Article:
Though one of the avowed objectives of the government is to provide equal access to broadcasting for minorities, yet the achievement in this regard has been far from satisfactory.
The minorities ran only one per cent of the radio and television stations in the USA in 1978.
In this background in order to broad base media ownership, the Federal Communications Commission made rules in 1978 for preference to minorities in the matter of allotment of new radio and television station licenses and for taking over failed stations. (47 U.S.C.A. § 309). However, attempts to stall reforms in this direction continued.
Eventually in 1990 the Supreme Court by a majority verdict of 5-4 upheld the constitutional validity of such race based licensing in the broadcasting market to serve important governmental objectives. It is relevant that at that point of time in 1990 minorities in the USA held less than five per cent of the total radio and television licenses.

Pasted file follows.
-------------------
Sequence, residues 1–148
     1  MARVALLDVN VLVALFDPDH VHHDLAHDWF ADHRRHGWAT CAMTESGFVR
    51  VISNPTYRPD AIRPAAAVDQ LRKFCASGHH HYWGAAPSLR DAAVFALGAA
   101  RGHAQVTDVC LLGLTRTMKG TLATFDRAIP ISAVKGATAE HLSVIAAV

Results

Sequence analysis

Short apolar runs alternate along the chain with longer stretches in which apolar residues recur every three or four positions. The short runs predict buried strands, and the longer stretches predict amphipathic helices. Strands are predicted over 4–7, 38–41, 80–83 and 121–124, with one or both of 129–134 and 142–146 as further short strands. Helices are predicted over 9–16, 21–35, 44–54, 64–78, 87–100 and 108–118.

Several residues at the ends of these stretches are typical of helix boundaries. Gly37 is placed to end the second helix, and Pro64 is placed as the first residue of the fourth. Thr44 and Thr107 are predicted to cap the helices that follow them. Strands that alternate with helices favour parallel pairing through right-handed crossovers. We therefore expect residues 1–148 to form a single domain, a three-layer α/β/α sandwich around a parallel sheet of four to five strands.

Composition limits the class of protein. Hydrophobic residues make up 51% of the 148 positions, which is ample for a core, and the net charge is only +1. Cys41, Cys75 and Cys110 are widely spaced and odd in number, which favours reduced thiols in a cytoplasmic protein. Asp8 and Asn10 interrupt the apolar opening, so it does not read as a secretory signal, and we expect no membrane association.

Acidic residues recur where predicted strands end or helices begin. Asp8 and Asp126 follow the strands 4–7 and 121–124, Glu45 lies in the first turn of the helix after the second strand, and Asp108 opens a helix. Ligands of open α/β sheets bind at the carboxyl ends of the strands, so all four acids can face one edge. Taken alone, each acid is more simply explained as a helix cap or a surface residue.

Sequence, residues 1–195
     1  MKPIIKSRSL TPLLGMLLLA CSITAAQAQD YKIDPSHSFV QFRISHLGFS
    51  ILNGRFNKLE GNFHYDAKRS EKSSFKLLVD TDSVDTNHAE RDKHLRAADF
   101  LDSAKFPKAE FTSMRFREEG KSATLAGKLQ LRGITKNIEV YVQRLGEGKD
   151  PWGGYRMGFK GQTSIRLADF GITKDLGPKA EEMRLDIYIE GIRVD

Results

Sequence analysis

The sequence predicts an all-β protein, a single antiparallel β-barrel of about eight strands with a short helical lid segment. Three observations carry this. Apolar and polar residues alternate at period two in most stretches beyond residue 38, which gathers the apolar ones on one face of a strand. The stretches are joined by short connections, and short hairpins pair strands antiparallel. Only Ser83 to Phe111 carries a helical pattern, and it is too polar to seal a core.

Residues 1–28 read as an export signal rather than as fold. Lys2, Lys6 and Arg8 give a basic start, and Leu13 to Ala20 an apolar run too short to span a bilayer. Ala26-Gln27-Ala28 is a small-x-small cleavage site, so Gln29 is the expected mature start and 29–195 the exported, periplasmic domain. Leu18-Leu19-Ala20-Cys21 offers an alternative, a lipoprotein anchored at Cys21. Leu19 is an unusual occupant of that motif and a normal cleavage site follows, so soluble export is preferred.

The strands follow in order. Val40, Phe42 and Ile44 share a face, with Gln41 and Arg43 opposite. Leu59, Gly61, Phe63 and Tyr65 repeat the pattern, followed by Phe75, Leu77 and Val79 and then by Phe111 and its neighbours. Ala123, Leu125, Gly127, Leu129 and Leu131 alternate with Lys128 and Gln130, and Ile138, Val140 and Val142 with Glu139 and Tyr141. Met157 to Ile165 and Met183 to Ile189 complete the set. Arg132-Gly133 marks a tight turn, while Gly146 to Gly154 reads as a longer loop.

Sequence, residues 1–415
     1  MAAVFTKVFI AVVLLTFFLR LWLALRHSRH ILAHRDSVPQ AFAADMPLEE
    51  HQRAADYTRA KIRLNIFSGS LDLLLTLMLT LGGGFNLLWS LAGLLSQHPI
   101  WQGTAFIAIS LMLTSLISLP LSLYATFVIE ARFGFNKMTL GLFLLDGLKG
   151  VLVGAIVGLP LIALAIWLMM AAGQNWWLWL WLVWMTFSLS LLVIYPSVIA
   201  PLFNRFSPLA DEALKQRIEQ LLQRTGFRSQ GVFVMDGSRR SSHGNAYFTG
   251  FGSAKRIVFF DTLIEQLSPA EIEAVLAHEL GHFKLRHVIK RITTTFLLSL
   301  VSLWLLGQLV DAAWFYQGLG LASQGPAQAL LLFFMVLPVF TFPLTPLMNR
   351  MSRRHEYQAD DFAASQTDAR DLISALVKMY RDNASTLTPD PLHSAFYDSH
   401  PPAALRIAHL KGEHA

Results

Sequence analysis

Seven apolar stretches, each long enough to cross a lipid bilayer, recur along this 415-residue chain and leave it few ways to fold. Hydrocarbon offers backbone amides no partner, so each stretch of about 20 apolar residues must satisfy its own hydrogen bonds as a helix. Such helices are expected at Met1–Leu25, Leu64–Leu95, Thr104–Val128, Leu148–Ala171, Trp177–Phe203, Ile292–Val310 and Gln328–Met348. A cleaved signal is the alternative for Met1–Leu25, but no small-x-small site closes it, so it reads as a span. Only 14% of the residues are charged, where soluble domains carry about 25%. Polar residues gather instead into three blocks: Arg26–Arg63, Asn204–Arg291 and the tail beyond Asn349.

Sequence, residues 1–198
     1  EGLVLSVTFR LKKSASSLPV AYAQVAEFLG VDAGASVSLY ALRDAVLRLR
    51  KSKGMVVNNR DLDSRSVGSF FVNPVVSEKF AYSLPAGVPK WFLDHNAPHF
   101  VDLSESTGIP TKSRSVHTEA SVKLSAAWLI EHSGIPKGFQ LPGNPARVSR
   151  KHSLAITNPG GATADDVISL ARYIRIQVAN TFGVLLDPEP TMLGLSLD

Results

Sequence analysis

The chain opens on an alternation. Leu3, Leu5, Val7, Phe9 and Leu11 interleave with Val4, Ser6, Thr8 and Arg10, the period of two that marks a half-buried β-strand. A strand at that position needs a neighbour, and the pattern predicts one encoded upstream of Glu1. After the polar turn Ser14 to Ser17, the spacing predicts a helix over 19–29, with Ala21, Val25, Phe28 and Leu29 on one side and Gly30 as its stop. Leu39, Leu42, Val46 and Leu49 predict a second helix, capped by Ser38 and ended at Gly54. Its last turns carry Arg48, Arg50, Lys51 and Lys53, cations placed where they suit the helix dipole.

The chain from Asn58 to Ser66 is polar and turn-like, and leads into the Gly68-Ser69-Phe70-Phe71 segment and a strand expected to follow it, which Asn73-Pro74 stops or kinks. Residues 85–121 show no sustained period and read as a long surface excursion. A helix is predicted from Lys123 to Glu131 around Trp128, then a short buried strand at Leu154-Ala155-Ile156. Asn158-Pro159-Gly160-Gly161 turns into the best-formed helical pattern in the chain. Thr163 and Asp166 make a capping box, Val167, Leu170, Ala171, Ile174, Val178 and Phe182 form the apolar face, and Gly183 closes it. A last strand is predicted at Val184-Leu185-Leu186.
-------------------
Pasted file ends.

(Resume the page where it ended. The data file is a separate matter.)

Moreover, radio and television stations are obliged to provide equal opportunities to employment for minorities. The National Association for Advancement of Colored People (NAACP) monitors compliance in this regard by scrutinizing all applications for employment with broadcasting stations. Any aggrieved party including the said NAACP can file a petition to deny renewal of broadcasting license in case any station has flouted the equal opportunity norm for employment of minorities. The authorities refuse renewal to a non-compliant holder of broadcasting license.